Maritime Security: EAS members are linked by the region’s maritime spaces, which have enabled the region’s dynamic economic growth and facilitated greater connectivity. Maritime security is a priority issue for EAS countries that recognize that challenges including territorial and maritime disputes, piracy, trafficking in illicit materials and natural disasters can threaten regional peace, stability, and prosperity. President Obama reaffirmed U.S. national interests in the maintenance of peace and stability, respect for international law, unimpeded lawful commerce, and freedom of navigation. President Obama encouraged the parties to make progress on a binding Code of Conduct in the South China Sea to provide a framework to prevent conflict, manage incidents when they occur, and help resolve disputes.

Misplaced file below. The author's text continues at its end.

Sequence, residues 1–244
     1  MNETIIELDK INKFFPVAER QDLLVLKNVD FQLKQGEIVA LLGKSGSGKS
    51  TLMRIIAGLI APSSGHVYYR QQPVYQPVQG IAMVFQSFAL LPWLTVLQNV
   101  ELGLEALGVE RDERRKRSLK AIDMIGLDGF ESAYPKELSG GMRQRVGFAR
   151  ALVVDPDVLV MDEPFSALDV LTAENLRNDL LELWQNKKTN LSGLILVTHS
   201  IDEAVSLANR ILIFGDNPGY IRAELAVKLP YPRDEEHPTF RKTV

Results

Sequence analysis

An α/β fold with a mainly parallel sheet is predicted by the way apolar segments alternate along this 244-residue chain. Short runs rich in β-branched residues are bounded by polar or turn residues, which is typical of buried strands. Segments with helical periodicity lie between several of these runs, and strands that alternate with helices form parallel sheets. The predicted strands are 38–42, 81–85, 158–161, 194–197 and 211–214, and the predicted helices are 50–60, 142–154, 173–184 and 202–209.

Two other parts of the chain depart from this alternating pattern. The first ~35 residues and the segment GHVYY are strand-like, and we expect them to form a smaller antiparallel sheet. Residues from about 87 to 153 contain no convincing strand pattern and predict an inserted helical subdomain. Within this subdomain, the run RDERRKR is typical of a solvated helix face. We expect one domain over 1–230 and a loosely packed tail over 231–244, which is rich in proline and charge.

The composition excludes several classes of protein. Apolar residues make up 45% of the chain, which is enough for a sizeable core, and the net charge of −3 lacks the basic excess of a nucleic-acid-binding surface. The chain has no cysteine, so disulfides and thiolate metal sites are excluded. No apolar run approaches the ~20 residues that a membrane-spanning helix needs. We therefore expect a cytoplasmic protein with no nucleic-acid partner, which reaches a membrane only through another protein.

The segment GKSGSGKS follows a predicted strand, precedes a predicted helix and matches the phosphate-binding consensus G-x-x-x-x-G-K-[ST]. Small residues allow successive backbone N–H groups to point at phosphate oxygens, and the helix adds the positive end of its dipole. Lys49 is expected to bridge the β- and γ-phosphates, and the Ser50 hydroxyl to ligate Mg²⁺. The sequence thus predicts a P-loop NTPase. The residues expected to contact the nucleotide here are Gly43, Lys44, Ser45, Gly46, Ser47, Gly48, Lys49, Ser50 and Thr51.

The United States has consistently worked with its partners in the Asia-Pacific region to build capacity and promote cooperation on maritime security issues.
• At the EAS, President Obama announced the U.S. intention to accede to the Regional Cooperation Agreement on Combating Piracy and Armed Robbery Against Ships in Asia (RECAAP), the first government-to-government agreement to promote and enhance cooperation against piracy and armed robbery in Asia.
• President Obama affirmed that the Expanded ASEAN Seafarers Training (EAST) program, which he announced at the U.S.-ASEAN Leaders Meeting, will be open to participation by all EAS members.
• The United States welcomed the creation of the Expanded ASEAN Maritime Forum to provide a platform for coordination among EAS countries on a range of maritime issues including marine environment, resource management, piracy, and capacity building.
(Source: The White House)